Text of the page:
Józefa Joteyko was the outstanding scientist in the end of the 19th and in the beginning of the 20th century. Together with Maria Skłodowska-Curie she was the most famous woman and scientist of Polish origin in Europe. She was given the right to present her lectures in the Collége de France and she was, after Adam Mickiewicz, the second Polish lecturer at this great academy. She had committed her life to scientific disciplines which included child neurology, neurophysiology, psychology and pedagogy. She had managed to develop each of them evenly with the same progress and in relation to children. Such approach was aimed at understanding the child and gathering the knowledge about its character and predisposition. These was also meant to help in determining what kind of educational and professional way the child should take. The present-day psychological and pedagogic clinics are the practical fulfilment of Józefa Joteyko’s idea and we cannot imagine the contemporary education without the support of such institutions.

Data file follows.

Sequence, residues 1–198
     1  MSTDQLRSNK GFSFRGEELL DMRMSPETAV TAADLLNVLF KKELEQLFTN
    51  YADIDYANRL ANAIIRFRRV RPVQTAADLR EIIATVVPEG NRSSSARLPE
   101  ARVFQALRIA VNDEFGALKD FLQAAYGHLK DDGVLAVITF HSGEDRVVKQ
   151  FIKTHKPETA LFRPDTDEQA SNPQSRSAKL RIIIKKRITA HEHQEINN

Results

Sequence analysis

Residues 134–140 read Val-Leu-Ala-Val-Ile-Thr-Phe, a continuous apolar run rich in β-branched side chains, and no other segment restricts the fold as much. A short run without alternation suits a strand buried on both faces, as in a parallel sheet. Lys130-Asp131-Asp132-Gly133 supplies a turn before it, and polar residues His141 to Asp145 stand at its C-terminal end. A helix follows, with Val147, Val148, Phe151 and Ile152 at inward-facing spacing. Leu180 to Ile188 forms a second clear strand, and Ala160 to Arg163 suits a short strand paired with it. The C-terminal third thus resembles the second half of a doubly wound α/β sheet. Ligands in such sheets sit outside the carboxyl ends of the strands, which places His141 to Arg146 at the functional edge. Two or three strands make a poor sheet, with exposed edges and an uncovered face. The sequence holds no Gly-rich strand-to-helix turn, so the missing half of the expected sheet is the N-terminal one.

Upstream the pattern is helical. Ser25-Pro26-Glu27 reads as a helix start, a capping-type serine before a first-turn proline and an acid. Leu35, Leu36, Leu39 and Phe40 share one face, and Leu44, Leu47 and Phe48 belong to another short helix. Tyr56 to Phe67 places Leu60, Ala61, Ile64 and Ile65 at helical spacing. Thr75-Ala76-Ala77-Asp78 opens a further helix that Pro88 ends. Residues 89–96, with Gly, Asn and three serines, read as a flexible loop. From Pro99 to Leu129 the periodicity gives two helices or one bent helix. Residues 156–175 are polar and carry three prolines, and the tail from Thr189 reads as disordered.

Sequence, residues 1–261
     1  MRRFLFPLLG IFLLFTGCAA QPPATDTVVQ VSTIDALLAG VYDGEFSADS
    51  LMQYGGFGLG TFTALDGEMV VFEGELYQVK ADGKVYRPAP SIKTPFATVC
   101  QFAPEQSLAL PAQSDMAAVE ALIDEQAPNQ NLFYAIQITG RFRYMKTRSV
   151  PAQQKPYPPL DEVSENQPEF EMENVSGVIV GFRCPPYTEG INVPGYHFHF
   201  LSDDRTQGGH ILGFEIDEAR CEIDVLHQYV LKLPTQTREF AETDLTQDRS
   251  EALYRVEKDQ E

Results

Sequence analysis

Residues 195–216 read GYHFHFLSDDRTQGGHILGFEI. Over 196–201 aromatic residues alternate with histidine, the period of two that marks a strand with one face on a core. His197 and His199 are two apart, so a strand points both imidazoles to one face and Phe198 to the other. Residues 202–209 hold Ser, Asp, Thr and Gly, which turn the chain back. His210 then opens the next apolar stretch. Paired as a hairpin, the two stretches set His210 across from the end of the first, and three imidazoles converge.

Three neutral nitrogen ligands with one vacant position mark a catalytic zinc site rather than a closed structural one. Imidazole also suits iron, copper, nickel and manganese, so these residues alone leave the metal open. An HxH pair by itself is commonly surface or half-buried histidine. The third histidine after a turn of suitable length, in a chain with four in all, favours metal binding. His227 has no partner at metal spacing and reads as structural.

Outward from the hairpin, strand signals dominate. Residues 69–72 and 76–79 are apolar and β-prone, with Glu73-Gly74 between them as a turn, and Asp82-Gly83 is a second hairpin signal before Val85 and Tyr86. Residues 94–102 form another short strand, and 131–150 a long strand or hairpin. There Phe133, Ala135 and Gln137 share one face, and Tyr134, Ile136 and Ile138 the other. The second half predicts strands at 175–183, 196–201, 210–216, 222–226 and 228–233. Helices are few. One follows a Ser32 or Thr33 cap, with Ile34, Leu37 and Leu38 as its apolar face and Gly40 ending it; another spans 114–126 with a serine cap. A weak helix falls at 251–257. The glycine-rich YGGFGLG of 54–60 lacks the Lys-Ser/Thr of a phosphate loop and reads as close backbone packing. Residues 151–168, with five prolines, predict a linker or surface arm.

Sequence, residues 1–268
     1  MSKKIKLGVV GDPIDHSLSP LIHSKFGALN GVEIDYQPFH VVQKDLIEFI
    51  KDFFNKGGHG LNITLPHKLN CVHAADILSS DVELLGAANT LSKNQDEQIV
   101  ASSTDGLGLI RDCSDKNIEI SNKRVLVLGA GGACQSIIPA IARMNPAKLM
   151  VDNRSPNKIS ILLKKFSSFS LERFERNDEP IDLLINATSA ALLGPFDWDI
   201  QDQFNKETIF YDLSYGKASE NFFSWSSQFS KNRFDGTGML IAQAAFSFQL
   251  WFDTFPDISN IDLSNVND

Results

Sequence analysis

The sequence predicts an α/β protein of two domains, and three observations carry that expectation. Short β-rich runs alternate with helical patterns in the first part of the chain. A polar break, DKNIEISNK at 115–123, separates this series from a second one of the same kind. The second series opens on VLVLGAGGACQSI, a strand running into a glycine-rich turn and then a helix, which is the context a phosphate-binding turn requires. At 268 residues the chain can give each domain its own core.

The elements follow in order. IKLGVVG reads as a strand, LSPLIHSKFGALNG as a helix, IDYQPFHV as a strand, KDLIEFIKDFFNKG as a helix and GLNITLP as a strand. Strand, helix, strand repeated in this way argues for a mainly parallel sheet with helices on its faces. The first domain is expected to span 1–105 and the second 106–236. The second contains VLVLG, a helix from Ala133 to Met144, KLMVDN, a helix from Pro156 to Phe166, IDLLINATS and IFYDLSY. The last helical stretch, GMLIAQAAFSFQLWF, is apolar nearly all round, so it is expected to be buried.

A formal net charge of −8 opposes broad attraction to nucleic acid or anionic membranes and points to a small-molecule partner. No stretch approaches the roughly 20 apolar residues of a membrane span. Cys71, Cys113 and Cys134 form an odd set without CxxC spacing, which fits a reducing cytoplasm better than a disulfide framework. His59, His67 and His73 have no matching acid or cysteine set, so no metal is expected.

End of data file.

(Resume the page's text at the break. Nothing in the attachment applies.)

In this text the author poses a question about the direction of the evolution of early childhood education, considering its specificity in the context of the academic nature of pedagogy itself and its historical development, and especially the modern trend for interdisciplinarity. The author associates sources of diversity of this sub-discipline with a focus on the child, emphasizing, on the one hand, the setting of the sub-discipline in the tradition, especially pedological and, on the other hand, a growing and critical phenomenological perspective of research in this area. In conclusion he emphasizes that a reorientation of the multi paradigmatic research conducted in early childhood pedagogy, its openness to differences, but also the use of the methodology of the humanities and social studies recognized by the international community of scholars, make this sub-discipline of learning begin to regain the appellation of an integral discipline.